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Rezoning approved for social housing on Grandview Highway South east of Nanaimo
Funded by BC Housing, providing 64 shelter-rate studio apartments
At Tuesday evening’s public hearing, Vancouver city council unanimously approved two rezonings, one for seniors housing at Granville and 47th (6151-6261 Granville and 1511 West 47th), one for social housing on Grandview Highway South east of Nanaimo (2518-2540 Grandview Highway South). The Grandview social housing was opposed by the Italian Cultural Centre (at Grandview and Slocan), and the final motion was amended to require closer engagement with them.
On Reddit, someone commented on the Grandview social housing:
These social housing developments should have costs built in that clean the neighbourhood of needles and other drug paraphernalia in a one block radius (at least) as it's clear they bring this into the neighbourhoods.
Makes sense to me. (You don't want anyone to end up significantly worse off, and you certainly don't want the social housing to end up failing, as happened with the Travelodge on Gorge Road in Victoria.)
To me, there's two main reasons for the city to approve this rezoning. One, the province is putting up the money to build and to operate the housing, which is tens of millions of dollars that the city doesn't have to pay. Two, when social housing doesn't get built, the people who would have lived there don't disappear - they end up living in parks and on the street, which seems like it's worse for everyone.
I was listening to the public hearing, and at least a couple of the speakers noted that there's already been a significant homeless presence in the neighbourhood, with people in RVs parked on the north side of Grandview Highway, adjacent to Van Tech. (My bike route to and from work takes me past this area, on the Central Valley Greenway.)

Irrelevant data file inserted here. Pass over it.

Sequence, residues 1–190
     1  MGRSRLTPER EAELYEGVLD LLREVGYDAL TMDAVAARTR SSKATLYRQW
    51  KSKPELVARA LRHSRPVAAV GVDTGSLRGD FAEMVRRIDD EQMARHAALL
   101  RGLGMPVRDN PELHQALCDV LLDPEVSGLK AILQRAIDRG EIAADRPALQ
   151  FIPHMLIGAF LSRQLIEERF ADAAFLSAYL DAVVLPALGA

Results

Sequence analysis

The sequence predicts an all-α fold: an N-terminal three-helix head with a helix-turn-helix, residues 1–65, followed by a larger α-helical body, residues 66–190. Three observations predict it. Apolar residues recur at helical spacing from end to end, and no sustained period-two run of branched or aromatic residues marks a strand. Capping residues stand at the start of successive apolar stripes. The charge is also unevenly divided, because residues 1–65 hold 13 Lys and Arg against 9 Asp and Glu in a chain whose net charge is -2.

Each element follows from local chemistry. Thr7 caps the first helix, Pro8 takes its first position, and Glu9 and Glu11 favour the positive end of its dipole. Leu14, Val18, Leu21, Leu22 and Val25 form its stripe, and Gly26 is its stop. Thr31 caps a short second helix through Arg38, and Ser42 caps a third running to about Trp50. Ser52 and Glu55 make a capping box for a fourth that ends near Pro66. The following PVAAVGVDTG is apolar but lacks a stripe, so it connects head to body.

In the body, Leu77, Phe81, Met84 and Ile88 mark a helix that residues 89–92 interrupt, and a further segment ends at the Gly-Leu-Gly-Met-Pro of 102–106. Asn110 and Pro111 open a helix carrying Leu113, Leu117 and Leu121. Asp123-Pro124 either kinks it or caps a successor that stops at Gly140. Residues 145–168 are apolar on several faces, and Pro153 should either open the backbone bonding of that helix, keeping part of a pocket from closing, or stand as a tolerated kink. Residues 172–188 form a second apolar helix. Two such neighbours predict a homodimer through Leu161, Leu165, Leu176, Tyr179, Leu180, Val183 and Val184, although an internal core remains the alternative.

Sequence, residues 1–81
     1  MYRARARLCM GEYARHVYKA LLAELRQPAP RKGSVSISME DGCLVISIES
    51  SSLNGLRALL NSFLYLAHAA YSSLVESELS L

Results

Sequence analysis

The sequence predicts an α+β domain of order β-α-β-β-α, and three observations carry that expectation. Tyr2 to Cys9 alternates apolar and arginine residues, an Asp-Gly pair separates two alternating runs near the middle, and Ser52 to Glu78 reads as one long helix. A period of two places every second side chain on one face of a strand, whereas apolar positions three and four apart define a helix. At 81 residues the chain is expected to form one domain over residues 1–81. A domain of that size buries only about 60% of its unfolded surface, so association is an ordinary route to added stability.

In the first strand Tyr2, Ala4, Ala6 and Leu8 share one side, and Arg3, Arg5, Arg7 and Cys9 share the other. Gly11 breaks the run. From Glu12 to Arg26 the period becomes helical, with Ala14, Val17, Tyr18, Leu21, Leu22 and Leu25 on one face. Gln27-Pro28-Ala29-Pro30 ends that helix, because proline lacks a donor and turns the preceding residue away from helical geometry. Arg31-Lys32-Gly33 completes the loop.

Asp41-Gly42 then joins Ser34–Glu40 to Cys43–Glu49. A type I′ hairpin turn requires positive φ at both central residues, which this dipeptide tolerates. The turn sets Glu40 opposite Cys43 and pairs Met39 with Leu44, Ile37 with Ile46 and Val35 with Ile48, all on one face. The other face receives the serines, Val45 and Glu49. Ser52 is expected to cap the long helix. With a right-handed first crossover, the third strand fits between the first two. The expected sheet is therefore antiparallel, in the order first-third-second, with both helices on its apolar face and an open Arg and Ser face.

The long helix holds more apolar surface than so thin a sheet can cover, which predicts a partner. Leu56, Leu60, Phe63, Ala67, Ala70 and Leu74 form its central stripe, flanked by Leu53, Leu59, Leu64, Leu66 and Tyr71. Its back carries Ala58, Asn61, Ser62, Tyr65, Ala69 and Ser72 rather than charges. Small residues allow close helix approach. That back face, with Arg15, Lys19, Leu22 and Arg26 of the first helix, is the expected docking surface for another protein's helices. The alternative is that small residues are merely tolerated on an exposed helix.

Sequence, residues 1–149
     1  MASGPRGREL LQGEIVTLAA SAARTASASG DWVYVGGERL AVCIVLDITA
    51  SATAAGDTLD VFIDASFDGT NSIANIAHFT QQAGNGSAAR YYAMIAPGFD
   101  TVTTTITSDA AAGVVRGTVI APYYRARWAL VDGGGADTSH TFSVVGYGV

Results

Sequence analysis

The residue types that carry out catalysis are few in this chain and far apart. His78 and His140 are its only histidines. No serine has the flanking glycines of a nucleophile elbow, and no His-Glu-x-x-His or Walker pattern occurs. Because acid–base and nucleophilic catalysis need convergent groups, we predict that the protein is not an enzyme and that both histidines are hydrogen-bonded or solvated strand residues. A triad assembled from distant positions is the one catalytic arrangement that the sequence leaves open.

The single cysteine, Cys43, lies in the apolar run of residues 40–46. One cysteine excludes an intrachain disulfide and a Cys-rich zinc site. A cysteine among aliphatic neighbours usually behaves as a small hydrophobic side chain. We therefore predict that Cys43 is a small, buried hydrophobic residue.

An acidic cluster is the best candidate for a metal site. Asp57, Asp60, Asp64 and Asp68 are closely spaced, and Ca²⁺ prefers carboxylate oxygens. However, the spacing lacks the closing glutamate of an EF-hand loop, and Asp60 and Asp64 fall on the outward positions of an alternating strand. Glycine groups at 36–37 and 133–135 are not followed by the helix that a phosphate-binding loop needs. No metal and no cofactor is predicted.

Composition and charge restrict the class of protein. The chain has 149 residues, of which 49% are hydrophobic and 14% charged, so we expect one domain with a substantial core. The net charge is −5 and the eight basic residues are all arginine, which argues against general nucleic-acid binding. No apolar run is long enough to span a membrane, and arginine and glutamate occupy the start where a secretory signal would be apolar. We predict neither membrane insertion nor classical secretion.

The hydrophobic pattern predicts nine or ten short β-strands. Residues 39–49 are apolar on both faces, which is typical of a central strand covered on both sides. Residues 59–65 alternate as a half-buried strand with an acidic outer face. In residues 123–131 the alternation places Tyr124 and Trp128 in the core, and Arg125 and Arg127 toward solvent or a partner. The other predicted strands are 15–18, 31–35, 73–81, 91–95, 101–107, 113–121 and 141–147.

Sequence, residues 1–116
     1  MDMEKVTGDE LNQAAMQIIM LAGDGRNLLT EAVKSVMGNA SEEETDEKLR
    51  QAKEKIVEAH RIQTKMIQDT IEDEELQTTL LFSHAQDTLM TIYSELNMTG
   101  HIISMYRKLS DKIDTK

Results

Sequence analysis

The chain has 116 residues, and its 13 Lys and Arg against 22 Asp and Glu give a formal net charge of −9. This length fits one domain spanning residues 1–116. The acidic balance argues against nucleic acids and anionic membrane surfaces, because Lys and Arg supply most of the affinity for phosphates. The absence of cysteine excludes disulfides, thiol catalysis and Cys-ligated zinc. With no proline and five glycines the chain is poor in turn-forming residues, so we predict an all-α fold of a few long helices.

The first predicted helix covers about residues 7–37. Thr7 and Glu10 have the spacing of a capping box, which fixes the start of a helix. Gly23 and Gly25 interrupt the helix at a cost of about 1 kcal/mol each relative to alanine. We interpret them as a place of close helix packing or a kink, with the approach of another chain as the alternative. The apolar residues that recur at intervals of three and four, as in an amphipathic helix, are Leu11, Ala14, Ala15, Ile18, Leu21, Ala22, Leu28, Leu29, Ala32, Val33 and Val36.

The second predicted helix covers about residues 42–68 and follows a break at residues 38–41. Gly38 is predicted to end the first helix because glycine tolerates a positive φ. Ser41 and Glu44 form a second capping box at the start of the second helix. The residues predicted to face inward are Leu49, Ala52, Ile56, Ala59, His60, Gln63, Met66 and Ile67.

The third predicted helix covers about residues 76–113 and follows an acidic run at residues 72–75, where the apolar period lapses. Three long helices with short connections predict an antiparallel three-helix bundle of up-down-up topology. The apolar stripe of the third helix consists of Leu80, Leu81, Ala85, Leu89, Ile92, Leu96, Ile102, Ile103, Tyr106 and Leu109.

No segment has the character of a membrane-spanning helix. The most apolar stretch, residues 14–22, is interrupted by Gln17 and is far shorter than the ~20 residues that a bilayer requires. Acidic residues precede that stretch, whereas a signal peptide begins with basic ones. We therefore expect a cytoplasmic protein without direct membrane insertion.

There were 77 written comments in opposition, mostly submitted over the weekend, which is a lot. But in the end I think there were fewer than 10 people who spoke in opposition at the public hearing.
It sounds like people's concerns are primarily about the operation of the social housing (who lives there and how well it runs), which is the responsibility of the provincial government via BC Housing - BC Housing is paying the operator. If there's big issues with the way the building runs after it's built, the appropriate level of government to lean on is the provincial government. It's the role of the local MLA to communicate people's concerns to the province and push for an effective response.
The director of the Italian Cultural Centre said something along these lines: "We're not saying don't do it, we're just saying to do it right." I think they should be focusing on the following:
Tenant selection. There's 64 apartments in the building; you don't want to have too many of the hardest-to-house in one place, as opposed to people who are just unable to afford housing because it's so expensive and their incomes are low. (I've heard that this was the big issue with Marguerite Ford Apartments, which has 147 apartments - the city wanted to get homeless people off the streets before the 2010 Olympics and so they put way too many of the hardest-to-house in one place.)
Tenant safety, which will depend on how effective the operator is at enforcing their own rules. From talking to someone who used to live in the temporary modular housing in Marpole, I think if there's issues with security and safety (e.g. people who are intoxicated, yelling, and aggressive), it's going to affect the tenants themselves first.
Complex-care housing, which is more institutional and thus more suited to people who are hard to house. The province announced this about a year ago. The more complex-care housing there is, the less likely it is that you'll get a lot of hard-to-house people in social-housing buildings like this one. So it'd be good to push the province to follow through. David Eby is also considering expansion of involuntary treatment for mental health and drug addiction.
64 supportive units for the homeless proposed near SkyTrain Renfrew Station. Kenneth Chan, Daily Hive, February 2022.
City Council set to decide on two new supportive housing buildings in East Vancouver. Kenneth Chan, February 14, 2023. Rezoning for the second building, at 1925 Southeast Marine Drive, was postponed to February 21.
Vancouver approves supportive housing amid opposition from East Vancouver community centre. Simon Little, Global News, February 15, 2023.
On not wanting anyone to end up significantly worse off: see section 3 of Cost-benefit analysis as an expression of liberal neutrality, by Joseph Heath.